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  • Trouble with ten gauge tubing

    Hi, my name is Tim Rockers and I am a sophomore in high school. I am making cattle pannels that are 5' tall and 10' long and have come to a problem. I am using 1'' round tubing that is 1/8'' thick. I had another kid cut my peices and have found that most of the ten footers are an 1/8 inch to short after I flatten the ends a little. I am using a DC welder on reverse polaraty with 6013 1/8 rods. The welder is set at about 60 amps and I am welding a T-joint, the verticle five footers to the horizontal ten footers. The pannels are laying on saw horses and are in a easy position to weld.

    My problem is that I will get two thirds of the way throgh the weld and the metal gets to hot and I burn through. I am trying to weave across the gap and the weld looks good up until the last 1/4'' when I burn through or my puddle will fall down in the gap a little bit and it traps slag when it does. My dad has told me to try a 3/32 rod but we don't have any at school or home. I am set at around 65 amps and I don't think I cann't set my welder much lower, but I have tried making multiple welds to fill the gap that seemes to work the best but takes three times as long. The tubing that does butt up snug is easy to weld and my welds look great, its just when I try to weave over the gap, bad thing happen.

    I know I have multiple problems with multiple options I am just looking for the easiest and/or more logical idea's. I thank anyone that responds.
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  • #2
    Re: Trouble with ten gauge tubing

    Originally posted by Tim R.
    Hi, my name is Tim Rockers and I am a sophomore in high school. I am making cattle pannels that are 5' tall and 10' long and have come to a problem. I am using 1'' round tubing that is 1/8'' thick. I had another kid cut my peices and have found that most of the ten footers are an 1/8 inch to short after I flatten the ends a little. I am using a DC welder on reverse polaraty with 6013 1/8 rods. The welder is set at about 60 amps and I am welding a T-joint, the verticle five footers to the horizontal ten footers. The pannels are laying on saw horses and are in a easy position to weld.

    My problem is that I will get two thirds of the way throgh the weld and the metal gets to hot and I burn through. I am trying to weave across the gap and the weld looks good up until the last 1/4'' when I burn through or my puddle will fall down in the gap a little bit and it traps slag when it does. My dad has told me to try a 3/32 rod but we don't have any at school or home. I am set at around 65 amps and I don't think I cann't set my welder much lower, but I have tried making multiple welds to fill the gap that seemes to work the best but takes three times as long. The tubing that does butt up snug is easy to weld and my welds look great, its just when I try to weave over the gap, bad thing happen.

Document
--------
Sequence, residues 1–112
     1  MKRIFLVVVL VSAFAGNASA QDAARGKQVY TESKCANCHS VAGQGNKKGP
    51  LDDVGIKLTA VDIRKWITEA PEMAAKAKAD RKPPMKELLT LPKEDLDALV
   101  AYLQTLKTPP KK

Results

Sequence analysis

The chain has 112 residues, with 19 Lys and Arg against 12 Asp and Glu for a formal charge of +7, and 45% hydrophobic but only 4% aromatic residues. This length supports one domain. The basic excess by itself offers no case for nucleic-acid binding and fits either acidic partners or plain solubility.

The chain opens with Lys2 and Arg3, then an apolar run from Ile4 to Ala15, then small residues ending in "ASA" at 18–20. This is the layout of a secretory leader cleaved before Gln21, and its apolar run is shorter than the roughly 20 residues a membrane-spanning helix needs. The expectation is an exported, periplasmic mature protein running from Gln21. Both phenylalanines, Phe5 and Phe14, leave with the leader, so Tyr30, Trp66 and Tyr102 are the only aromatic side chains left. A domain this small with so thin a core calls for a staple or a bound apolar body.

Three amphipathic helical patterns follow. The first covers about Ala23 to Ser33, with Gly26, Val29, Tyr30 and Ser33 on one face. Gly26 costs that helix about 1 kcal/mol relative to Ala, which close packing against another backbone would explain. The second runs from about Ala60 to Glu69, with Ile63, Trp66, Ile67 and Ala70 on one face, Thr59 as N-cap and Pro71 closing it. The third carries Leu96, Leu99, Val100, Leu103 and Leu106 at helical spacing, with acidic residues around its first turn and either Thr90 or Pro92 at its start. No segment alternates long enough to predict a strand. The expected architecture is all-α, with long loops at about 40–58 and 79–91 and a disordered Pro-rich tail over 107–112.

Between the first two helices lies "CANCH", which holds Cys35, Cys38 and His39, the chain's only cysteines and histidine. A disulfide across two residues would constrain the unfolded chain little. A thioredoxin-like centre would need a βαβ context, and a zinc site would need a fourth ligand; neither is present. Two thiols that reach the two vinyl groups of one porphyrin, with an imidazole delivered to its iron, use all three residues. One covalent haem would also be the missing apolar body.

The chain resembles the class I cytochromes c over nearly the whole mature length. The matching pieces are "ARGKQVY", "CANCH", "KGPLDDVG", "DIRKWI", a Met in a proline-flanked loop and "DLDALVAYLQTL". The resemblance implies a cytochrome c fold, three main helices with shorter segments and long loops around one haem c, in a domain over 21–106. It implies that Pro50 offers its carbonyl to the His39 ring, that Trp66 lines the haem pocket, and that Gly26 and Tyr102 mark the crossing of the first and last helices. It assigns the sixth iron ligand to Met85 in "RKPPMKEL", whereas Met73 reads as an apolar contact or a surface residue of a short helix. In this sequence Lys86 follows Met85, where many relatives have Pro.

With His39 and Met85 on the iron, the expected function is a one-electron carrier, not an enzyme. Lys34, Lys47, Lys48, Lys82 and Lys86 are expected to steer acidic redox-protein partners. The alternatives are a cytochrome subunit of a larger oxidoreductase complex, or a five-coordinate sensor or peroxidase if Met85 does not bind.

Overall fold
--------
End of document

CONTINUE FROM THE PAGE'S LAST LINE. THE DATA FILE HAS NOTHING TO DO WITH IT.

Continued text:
I know I have multiple problems with multiple options I am just looking for the easiest and/or more logical idea's. I thank anyone that responds.
    It sounds like you are trying to fill the gap in one pass, which results in going too slow causing too much of a heat build up and burn-through...try to butter , or weld the pole side to reduce the gap and follow with a cover pass, this will enable you to keep your travel speed up and prevent the burn-through. You can do this with your 1/8" rod. If you see it getting too hot, break the arc and let it cool...don't try to rush it.

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    • #3
      Re: Trouble with ten gauge tubing

      Originally posted by Tim R.
      Hi, my name is Tim Rockers and I am a sophomore in high school. I am making cattle pannels that are 5' tall and 10' long and have come to a problem. I am using 1'' round tubing that is 1/8'' thick. I had another kid cut my peices and have found that most of the ten footers are an 1/8 inch to short after I flatten the ends a little. I am using a DC welder on reverse polaraty with 6013 1/8 rods. The welder is set at about 60 amps and I am welding a T-joint, the verticle five footers to the horizontal ten footers. The pannels are laying on saw horses and are in a easy position to weld.

      My problem is that I will get two thirds of the way throgh the weld and the metal gets to hot and I burn through. I am trying to weave across the gap and the weld looks good up until the last 1/4'' when I burn through or my puddle will fall down in the gap a little bit and it traps slag when it does. My dad has told me to try a 3/32 rod but we don't have any at school or home. I am set at around 65 amps and I don't think I cann't set my welder much lower, but I have tried making multiple welds to fill the gap that seemes to work the best but takes three times as long. The tubing that does butt up snug is easy to weld and my welds look great, its just when I try to weave over the gap, bad thing happen.

      I know I have multiple problems with multiple options I am just looking for the easiest and/or more logical idea's. I thank anyone that responds.
      You might try 7014, pretty good for filling gaps.
      ROCK

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